He said he will relinquish his title as executive editor of Muscle & Fitness and Flex magazines and will forego any compensation.
"I don't want to be paid," Schwarzenegger said in a telephone interview with the AP.
"The decision is to discontinue the relationship we have now," he said. "I will continue promoting body building and fighting obesity..."
The governor was forced to defend his contract with the magazines after a securities disclosure filed this week showed he would be paid at least $1 million a year for five years to act as a consultant.
Last year, Schwarzenegger vetoed a bill that would have regulated the use of performance-enhancing substances in high school sports. That led some lawmakers to accuse the governor of having a conflict of interest: acting on legislation that could hurt business in the nutritional supplements industry while at the same taking millions from magazines that rely on the same industry for most of their profits.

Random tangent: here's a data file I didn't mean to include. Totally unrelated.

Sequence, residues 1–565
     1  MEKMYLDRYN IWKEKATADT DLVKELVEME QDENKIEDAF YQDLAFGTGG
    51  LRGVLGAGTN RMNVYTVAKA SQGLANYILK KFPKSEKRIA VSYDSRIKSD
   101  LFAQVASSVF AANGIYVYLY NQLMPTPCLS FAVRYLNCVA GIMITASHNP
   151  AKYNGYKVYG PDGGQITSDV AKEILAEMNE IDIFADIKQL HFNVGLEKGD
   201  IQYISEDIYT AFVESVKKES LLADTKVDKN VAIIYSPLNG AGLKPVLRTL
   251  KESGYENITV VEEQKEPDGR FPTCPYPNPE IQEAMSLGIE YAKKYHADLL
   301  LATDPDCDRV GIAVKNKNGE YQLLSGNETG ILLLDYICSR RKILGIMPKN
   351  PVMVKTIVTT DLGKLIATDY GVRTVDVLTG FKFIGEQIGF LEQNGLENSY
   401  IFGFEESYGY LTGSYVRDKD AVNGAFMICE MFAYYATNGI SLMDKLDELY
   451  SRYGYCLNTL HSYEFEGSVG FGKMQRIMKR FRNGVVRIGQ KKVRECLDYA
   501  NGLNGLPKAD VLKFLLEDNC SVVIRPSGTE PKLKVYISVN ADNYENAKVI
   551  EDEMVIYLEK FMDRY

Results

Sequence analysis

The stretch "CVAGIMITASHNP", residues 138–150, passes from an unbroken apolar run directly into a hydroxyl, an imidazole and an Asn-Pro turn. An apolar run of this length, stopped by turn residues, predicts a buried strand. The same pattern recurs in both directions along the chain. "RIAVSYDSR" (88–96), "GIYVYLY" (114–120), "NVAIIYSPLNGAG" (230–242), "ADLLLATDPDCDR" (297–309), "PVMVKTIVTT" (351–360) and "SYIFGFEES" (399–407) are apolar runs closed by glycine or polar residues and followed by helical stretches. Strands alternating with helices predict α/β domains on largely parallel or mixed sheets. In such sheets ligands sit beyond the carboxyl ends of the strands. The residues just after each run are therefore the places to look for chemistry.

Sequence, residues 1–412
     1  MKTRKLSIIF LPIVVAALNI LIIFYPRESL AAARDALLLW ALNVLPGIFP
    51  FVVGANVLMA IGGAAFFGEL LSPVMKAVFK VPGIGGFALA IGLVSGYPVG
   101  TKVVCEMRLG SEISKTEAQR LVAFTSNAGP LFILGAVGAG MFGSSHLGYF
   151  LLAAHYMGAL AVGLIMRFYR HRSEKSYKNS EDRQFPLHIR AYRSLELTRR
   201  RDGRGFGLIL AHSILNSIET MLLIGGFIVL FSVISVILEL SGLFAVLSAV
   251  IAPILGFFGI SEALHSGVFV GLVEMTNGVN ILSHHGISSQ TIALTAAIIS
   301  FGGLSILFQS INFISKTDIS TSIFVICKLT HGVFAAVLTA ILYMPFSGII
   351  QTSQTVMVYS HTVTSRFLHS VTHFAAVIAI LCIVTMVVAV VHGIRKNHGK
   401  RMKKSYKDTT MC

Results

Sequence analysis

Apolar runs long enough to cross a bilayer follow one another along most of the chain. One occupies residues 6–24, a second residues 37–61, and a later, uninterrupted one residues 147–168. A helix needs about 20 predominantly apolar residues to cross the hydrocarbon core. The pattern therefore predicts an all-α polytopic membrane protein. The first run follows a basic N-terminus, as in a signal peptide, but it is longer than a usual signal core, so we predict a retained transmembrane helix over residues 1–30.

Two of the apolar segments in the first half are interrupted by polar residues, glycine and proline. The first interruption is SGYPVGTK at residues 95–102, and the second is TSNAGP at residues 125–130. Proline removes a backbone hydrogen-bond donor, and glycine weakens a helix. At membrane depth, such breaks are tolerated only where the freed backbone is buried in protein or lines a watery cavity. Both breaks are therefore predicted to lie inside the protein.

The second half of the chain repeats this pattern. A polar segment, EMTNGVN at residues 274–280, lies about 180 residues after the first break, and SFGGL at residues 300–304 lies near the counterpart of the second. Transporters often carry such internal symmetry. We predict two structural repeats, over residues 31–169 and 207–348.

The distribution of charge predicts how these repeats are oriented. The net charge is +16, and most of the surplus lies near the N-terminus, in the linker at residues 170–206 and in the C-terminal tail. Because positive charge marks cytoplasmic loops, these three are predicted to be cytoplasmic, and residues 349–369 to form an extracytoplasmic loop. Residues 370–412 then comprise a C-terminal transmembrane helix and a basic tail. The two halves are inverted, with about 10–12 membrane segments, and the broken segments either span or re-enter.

The bill's sponsor, state Sen. Jackie Speier, D-Hillsborough, on Thursday called on Schwarzenegger to sever his ties with the magazine.
On Friday, Schwarzenegger said he wanted to leave no doubt that "the people have my full devotion."
Schwarzenegger's deal with a subsidiary of American Media Inc., Weider Publications, was disclosed in March 2004. But the amount he was being paid wasn't made public until the company filed documents on Wednesday with the Securities and Exchange Commission.
At the time of the announcement, Schwarzenegger said he would take a salary that was "petty compared to the movies." The magazines also agreed to donate $250,000 a year to the California Governor's Council on Physical Fitness.